Even when it doesn’t and disputes go unsettled, the field of science puts itself back together again. It is self-healing and self-corrective and thus the best way forward, according to Rovelli. Reflecting on the cooperative yet competitive nature of science research, he writes,
The sociology of science has shed light on the complexity of the process of scientific understanding; like any other human endeavor, this process is beset by irrationality, intersects with the game of power, and is affected by every sort of social and cultural influence. Nevertheless, despite all this, and in opposition to the exaggerations of a few postmodernists, cultural relativists, and the like, none of this diminishes the practical and theoretical efficacy of scientific thinking. […] Science is the best strategy if we value reliability.
Science is reliable because, in the end, “we can check whether a theory is right or wrong.” Exposing his philosophical side, Rovelli declares, “This is what distinguishes science from other kinds of thinking, where deciding who is right and who is wrong is usually a much thornier question, sometimes even devoid of meaning.”
This is neither Rovelli’s first or last time picking on religion in the book, and it brings us to the third type of unity: unity of thought.
Rovelli has legitimate beef with religious thinking. All but one of Democritus’ works were destroyed as a result of the “edicts of Emperor Theodosius, which in 390–391 declared that Christianity was to be the only and obligatory religion of the empire.” The poet Lucretius, many of whose poems were inspired by Democritus, had a similar run-in with religious authority over a millennium later. “The Catholic Church attempted to stop Lucretius” in 1516 and in 1551 “but it was too late.” One gets the sense that Rovelli would give his right hand to read the complete works of Democritus, so why shouldn’t he be enflamed by Christianity’s repeated destruction of Democritus’ ideas? By that same token, shouldn’t one of the world’s leading scientists be concerned that his entire field may one day be erased by, say, an emperor’s edict?
Religion is a frequent target for Rovelli because it is a system of belief that suppresses reason and curiosity. “There is always someone who has the presumption to be the depository of Truth,” writes Rovelli. Religion is undemocratic; no one is allowed to question those at the top because those at the top already have “The Truth.” “The curiosity to learn, to discover, to look over the next hill, the desire to taste the apple: these are the things that make us human,” he declares. Religion, already in possession of all the answers it needs, would rather leave the apple untasted.
Most of Rovelli’s references to religion are veiled, but in the last chapter he finally confronts it and discusses its relationship with science:
The search for knowledge is not nourished by certainty: it is nourished by a radical distrust in certainty.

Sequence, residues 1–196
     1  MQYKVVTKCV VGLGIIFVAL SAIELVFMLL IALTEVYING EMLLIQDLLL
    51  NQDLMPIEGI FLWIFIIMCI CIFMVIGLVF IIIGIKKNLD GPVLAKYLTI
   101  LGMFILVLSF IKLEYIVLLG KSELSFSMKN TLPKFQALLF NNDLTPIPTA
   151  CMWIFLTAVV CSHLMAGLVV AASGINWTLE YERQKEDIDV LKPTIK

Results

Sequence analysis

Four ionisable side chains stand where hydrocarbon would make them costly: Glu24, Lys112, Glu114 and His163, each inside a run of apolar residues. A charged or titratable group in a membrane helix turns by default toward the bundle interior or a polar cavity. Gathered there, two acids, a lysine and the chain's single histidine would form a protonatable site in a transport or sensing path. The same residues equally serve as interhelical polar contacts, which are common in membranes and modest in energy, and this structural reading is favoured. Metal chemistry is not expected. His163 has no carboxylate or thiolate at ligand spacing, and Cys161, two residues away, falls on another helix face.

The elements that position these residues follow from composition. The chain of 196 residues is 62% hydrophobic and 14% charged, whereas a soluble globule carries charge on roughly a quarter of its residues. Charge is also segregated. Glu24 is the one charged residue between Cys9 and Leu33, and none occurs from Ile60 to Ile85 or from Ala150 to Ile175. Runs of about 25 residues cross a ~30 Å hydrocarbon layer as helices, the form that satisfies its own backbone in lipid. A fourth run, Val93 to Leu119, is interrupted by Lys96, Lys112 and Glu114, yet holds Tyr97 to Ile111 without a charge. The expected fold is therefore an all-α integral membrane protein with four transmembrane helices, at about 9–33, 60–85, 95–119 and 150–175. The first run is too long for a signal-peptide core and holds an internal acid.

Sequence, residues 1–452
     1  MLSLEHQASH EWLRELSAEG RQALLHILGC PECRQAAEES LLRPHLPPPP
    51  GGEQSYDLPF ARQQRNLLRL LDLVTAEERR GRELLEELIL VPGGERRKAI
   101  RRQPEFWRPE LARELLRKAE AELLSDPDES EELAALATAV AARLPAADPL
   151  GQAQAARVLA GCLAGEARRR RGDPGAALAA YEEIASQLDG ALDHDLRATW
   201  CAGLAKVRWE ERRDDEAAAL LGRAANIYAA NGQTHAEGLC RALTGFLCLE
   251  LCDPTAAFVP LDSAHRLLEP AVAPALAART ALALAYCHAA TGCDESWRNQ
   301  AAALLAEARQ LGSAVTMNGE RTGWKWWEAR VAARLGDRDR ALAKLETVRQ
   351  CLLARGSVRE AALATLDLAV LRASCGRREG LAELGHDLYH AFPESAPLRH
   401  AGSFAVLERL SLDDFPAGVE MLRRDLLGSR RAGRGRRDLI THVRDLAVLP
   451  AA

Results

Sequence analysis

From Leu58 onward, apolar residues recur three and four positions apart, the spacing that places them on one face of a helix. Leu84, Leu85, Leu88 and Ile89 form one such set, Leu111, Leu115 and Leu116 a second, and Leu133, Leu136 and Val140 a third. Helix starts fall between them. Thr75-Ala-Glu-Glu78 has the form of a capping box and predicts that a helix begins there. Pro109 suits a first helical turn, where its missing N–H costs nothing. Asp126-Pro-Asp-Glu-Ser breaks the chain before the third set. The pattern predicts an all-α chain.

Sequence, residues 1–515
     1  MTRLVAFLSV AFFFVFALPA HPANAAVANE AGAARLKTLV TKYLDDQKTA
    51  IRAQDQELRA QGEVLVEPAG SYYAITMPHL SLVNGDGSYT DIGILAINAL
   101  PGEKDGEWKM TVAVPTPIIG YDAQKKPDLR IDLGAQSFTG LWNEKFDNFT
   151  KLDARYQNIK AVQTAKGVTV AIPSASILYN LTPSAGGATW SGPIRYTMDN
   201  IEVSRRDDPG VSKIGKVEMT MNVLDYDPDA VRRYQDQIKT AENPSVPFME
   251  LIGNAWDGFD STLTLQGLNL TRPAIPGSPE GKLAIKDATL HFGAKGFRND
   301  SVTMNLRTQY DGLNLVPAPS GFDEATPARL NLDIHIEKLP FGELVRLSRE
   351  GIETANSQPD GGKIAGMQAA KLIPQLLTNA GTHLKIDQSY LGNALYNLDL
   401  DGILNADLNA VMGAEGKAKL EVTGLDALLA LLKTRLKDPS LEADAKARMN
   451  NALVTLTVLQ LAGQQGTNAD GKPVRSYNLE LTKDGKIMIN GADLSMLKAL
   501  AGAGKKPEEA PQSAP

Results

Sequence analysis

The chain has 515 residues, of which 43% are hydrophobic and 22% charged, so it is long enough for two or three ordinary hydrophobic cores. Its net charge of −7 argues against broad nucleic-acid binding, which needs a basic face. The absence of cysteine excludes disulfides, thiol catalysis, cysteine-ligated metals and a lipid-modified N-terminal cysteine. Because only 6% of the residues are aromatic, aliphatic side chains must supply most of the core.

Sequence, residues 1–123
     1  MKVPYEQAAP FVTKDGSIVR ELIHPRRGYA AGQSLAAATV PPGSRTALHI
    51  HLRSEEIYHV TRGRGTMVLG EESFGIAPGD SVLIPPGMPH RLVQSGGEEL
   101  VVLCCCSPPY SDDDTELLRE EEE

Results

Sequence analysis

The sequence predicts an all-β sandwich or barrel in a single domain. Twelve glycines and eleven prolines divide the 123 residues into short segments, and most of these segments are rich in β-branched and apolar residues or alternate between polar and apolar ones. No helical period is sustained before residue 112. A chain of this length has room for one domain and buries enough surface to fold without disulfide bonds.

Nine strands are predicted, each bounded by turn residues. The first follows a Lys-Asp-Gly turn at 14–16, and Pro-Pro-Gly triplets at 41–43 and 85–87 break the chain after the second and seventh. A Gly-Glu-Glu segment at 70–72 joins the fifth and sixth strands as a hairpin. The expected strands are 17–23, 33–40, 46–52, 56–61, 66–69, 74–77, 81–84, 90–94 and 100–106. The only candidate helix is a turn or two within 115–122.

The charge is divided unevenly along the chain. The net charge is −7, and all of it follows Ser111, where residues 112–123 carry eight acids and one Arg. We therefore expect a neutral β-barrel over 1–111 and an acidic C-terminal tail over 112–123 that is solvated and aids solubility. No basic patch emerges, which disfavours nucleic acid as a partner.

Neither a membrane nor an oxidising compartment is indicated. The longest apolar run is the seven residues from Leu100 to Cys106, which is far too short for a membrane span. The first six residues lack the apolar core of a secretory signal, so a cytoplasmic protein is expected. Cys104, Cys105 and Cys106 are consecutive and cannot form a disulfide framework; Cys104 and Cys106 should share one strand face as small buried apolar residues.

This means not giving credence to those who say they are in possession of the truth. For this reason, science and religion frequently find themselves on a collision course. Not because science pretends to know ultimate answers, but precisely for the opposite reason: because the scientific spirit distrusts whoever claims to be the one having ultimate answers or privileged access to Truth. This distrust is found to be disturbing in some religious quarters. It is not science that is disturbed by religion: there are certain religions that are disturbed by scientific thinking.
Rovelli’s brief argument against religion, if it can even be labeled as such, concludes with an olive branch: “I don’t criticize those who prefer to believe in this: we are all free to believe in whatever we want.” It is the kind of unifying statement we should come to expect from Rovelli.
Still, while Rovelli may not be “disturbed by religion,” he does have a better belief system in mind: one in which everyone has the ability to openly question and disprove each other, and in which everyone can be endlessly curious. “For my part,” he writes, “I prefer to look our ignorance in the face, accept it, and seek to look just a bit further: to try to understand that which we are able to understand.” This is the unity of thought that he wishes for mankind: for people to think together without thinking the same, like the Milesians did nearly three millennia ago. This is a Romantic outlook and it is fundamentally scientific. It was the Romantics, after all, who believed that man’s “salvation” would come “through the contemplation of nature.”
There are many elements of Reality Is Not What It Seems that seem unexpected. Its author is a leading theoretical physicist and a modern Romantic. It summarizes the most important scientific discoveries of the past three millennia and frequently alludes to works by Lucretius, Dante, Shakespeare, and many others. It reads like a history of science and like a treatise on the importance of unity at the theoretical, social, and philosophical levels. For some, the union of these disparate topics may seem contradictory. But for Carlo Rovelli, it is only natural.